The Williamson County Sheriff’s Office has recently released bodycam footage of their fatal arrest of Javier Ambler, a 40-year-old Black man who died in police custody after being tased four times.
The graphic footage, first obtained by the Austin-American Statesman, shows police forcing handcuffs on Ambler as he repeatedly yells out “I can’t breathe” and “I have congestive heart failure” before going limp.
“I am not resisting,” Ambler can be heard saying in the bodycam video. “Sir, I can’t breathe. … Please … Please. Save me.”
Ambler was arrested by police after allegedly leading police on a car chase because his car headlights were undimmed.
Williamson police kept the footage from the public using the “dead suspect loophole,” a loophole in Texas public records law that allows authorities to hide the details of suspect-involved deaths from the general public. The law is meant to protect the privacy of suspects who died in police custody. Instead, it has often been used as yet another tool that allows police to avoid public accountability (Democrat lawmakers unsuccessfully attempted to close the loophole during last year’s Texas legislative session).
The recently released footage of Ambler’s desperate pleading with police — using the same words as George Floyd in his final moments — coupled with the fact that A&E’s reality show “Live PD” was filming during the time of his death, has brought calls for justice more than a year after his death. A&E has since claimed the footage has been destroyed and said the incident was never aired.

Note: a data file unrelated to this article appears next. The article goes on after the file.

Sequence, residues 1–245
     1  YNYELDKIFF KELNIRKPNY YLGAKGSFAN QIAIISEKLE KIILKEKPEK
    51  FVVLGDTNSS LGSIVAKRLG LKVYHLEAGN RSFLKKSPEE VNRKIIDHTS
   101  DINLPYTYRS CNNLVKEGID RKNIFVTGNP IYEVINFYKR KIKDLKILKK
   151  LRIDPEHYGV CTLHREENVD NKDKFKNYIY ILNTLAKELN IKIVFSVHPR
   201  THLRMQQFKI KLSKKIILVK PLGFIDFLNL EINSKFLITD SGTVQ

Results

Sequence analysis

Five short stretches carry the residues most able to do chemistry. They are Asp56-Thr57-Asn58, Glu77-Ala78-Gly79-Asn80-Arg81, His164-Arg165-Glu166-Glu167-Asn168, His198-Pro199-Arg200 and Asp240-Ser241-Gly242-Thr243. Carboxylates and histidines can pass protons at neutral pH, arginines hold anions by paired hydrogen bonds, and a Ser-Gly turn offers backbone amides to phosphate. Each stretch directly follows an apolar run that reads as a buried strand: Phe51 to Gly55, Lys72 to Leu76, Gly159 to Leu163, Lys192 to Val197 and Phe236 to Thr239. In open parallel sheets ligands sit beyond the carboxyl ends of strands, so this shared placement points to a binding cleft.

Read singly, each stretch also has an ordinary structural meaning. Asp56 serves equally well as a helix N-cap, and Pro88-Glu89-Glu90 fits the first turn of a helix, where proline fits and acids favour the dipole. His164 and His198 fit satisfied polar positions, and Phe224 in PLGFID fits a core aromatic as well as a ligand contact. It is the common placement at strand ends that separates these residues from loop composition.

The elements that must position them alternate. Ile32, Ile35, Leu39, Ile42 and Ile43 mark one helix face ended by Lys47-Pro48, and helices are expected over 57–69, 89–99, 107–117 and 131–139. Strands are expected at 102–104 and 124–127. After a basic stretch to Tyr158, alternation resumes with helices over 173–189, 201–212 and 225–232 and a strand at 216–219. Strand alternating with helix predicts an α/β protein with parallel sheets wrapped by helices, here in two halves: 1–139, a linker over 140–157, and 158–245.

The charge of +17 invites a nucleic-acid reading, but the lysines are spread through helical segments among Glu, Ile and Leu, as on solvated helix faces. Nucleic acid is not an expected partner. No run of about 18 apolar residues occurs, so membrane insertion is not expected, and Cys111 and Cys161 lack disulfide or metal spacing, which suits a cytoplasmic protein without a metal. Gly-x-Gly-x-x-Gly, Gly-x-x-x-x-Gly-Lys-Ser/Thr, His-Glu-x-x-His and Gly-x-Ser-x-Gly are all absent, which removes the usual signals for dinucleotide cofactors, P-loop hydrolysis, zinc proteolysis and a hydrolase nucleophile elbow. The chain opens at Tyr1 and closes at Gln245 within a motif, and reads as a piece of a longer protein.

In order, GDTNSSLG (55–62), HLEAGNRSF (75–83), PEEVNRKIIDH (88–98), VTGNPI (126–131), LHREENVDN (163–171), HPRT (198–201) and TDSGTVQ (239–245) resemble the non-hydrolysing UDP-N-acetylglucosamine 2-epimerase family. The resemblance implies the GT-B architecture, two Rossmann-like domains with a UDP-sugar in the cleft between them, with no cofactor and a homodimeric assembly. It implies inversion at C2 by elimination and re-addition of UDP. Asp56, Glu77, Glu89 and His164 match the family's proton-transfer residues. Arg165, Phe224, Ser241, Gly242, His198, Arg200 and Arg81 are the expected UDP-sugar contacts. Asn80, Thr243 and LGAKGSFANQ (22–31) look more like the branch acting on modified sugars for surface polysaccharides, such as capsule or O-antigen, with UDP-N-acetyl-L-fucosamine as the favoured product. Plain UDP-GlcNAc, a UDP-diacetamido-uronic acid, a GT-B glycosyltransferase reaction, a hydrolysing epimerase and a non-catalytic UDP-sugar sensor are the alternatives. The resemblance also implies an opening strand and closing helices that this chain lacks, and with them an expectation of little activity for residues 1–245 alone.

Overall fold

The Travis County District Attorney’s Office is currently investigating the incident. Travis County District Attorney Margaret Moore said this week that William County has “stonewalled” their investigation. Moore said the DA’s office plans to take the case before a grand jury next April.
In a recent statement, Williamson County Sheriff Chody denied the allegations and railed against elected officials who sought his resignation. “Across our country Democrats are turning against law enforcement and attempting to remove its funding and leadership,” he said. “Their agenda recognizes no distinction between incidents and presumes guilt before due process. I will not back down in the face of such a partisan and cynical move. I look forward to continuing to serve as the sheriff of Williamson County.”
“There was no consideration, they meant to take his life that morning,” Javier Ambler’s father told CNN said. “I would like for them to go to jail for whatever time the DA, or the jury, or the judge say they must do, because not until they go to jail and they feel like what jail feel(s), will this thing stop.”
Photo: PAUL HANDLEY/AFP via Getty Images
Fernando covers Texas politics and government at the Texas Signal. Before joining the Signal, Fernando spent two years at the Houston Chronicle and previously interned at Houston’s NPR station News 88.7. He is a graduate of the University of Houston, Jack J. Valenti School of Communication, and enjoys reading, highlighting things, and arguing on social media. You can follow him on Twitter at @fernramirez93 or email at email@example.com